Typical microarray workflow from mRNA

Figure 1. Typical microarray workflow from mRNA to data from here DOI: 10.1128/CMR.00019-09

2. Reverse Transcription Quantitative Polymerase Chain Reaction (RT-qPCR)

The development of RT-qPCR occurred in the 1990s, with the first systems introduced by Applied Biosystems in 1996. This technology integrates fluorescent chemistry to provide quantitative results, enabling the real-time accumulation of amplified DNA during the PCR process. RT-qPCR revolutionized genetic analysis by allowing for precise quantification of nucleic acids, making it invaluable in clinical diagnostics, research, and even forensic applications. Its ability to detect and quantify gene expression and genetic mutations rapidly and sensitively underpins its broad adoption across stem cell research.

RT-qPCR workflow involves (optional) RNA extraction followed by reverse transcribing RNA into complementary DNA (cDNA) and then amplifying specific cDNA sequences using PCR. RT-PqCR is widely used to analyze gene expression in embryonic stem cells and induced pluripotent stem cells. For instance for identification of stem cell markers such as Oct4, Nanog, and Sox2 (pluripotency markers. RT-qPCR is also widely employed to evaluate the purity and quality of stem cell populations by quantifying the expression levels of genes associated with undesired cell types or differentiation stages. For instance, the expression of lineage-specific markers (e.g., hematopoietic markers for mesenchymal stem cells) can be assessed to ensure the absence of contaminating cell populations. The main disadvantage of RT-qPCR is its lower throughput (usually limited to <90 markers) and the fact that it can be affected by inconsistencies in PCR.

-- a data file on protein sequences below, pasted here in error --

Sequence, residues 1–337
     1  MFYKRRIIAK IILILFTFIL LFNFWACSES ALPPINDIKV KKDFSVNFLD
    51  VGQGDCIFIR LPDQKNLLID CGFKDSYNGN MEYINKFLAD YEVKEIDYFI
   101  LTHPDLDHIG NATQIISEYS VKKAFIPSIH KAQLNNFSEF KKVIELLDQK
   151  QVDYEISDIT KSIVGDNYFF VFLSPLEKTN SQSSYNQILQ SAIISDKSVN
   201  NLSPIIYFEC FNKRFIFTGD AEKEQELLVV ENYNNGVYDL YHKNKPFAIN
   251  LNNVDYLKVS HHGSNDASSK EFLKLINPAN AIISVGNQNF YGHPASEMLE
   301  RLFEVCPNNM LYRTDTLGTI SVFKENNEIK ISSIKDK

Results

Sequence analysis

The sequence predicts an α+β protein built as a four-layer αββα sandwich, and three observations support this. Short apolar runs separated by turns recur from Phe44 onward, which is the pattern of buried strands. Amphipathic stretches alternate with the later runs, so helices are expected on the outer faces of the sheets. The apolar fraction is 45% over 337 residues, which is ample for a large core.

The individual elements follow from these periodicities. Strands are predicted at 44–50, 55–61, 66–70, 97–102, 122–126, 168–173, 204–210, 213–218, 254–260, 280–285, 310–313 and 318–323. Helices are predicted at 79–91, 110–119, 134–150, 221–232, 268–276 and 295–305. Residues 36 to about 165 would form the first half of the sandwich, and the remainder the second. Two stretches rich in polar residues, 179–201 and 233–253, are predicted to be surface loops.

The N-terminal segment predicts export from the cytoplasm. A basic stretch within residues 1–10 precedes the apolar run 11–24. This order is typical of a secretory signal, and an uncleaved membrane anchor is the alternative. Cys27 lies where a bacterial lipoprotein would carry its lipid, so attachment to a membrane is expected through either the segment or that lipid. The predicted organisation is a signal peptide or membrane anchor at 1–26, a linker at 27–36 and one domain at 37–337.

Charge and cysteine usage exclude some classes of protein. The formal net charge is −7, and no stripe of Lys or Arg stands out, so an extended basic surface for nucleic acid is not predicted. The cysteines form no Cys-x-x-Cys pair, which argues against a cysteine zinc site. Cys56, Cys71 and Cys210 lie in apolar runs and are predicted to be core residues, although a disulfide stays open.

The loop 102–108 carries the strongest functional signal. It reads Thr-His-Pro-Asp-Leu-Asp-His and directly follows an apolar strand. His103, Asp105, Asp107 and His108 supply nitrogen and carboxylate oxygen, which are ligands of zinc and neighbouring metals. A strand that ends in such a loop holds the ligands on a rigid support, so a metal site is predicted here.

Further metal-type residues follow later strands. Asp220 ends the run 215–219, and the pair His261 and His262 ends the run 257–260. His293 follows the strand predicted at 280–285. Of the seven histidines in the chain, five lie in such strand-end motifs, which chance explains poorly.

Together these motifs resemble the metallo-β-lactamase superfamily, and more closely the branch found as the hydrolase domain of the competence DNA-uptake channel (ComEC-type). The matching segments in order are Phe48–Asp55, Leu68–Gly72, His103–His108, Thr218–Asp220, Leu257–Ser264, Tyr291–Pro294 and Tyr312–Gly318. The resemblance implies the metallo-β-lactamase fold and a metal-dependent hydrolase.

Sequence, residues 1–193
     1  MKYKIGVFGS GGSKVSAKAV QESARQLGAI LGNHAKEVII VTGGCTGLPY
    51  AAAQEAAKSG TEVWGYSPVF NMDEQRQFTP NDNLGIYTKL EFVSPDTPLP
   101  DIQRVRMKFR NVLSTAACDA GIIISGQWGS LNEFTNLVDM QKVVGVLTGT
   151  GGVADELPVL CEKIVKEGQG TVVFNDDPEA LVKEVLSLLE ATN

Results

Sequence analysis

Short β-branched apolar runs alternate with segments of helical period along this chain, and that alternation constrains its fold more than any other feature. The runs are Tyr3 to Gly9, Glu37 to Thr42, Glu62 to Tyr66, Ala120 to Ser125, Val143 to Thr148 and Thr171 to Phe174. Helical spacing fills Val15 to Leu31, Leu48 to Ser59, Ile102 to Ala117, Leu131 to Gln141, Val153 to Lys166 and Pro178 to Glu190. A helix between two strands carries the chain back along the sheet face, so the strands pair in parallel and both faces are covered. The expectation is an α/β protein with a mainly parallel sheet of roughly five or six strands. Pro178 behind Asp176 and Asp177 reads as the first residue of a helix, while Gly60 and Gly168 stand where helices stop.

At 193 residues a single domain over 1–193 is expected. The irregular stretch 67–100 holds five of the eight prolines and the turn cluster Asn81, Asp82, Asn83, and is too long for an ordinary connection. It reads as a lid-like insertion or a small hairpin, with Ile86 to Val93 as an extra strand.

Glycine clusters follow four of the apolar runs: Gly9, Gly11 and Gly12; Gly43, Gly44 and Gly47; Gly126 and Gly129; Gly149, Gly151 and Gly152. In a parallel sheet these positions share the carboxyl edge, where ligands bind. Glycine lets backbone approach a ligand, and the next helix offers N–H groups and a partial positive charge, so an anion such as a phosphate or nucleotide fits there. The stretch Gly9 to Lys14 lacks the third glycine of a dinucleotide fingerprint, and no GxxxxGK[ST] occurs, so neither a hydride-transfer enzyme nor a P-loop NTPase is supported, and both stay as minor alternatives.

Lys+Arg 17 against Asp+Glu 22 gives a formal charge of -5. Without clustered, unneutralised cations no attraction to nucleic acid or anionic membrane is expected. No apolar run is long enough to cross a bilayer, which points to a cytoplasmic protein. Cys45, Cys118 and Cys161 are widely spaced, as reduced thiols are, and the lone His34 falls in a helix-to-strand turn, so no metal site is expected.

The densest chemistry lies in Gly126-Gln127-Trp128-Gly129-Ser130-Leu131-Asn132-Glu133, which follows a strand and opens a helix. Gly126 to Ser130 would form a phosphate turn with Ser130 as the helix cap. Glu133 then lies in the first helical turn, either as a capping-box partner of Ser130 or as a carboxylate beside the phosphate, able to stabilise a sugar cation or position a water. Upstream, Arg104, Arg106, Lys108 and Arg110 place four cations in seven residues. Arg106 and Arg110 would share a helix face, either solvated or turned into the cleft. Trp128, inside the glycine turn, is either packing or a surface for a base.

Typical RT-qPCR

Figure 2. Typical RT-qPCR  from here

3. RNA-Sequencing (RNA-Seq)

Initially described in 2008, RNA-seq allows researchers to detect both known and novel transcripts, quantify gene expression levels, and identify isoforms, providing a comprehensive view of the transcriptomic landscape. It involves sequencing cDNA libraries generated from stem cell RNA, allowing for the detection of novel transcripts, alternative splicing events, and gene expression levels. The main advantage of RNA-seq is that can detect both known and novel transcripts, providing a more comprehensive (and individual) view of the stem cell transcriptome compared to microarrays or RT-qPCR. Despite the unparalleled potential, RNA-seq workflow can be lengthy, costly, and it requires complex data analysis pipelines which limit its routine usage. Nonetheless, applications of RNA sequencing and its derivatives such as single-cell RNA-seq is rapidly growing in the field. Refer here for more info doi: 10.1101/gr.223925.117

Typical microarray workflow from mRNA

Figure 3. Typical RNA-seq workflow from from here DOI: 10.1007/s11914-022-00726-x

There are other methods to measure gene expressions such as northern Blotting and Massively Parallel Signature Sequencing (MPSS) that are less common due to their limitations and the existence of better alternatives. In future posts, I will review assays that are available to study hESC and iPSC in the protein level.

If there is a topic that you would like to see here or have a question, please drop us a line at

Leave a Comment

Your email address will not be published. Required fields are marked *

Scroll to Top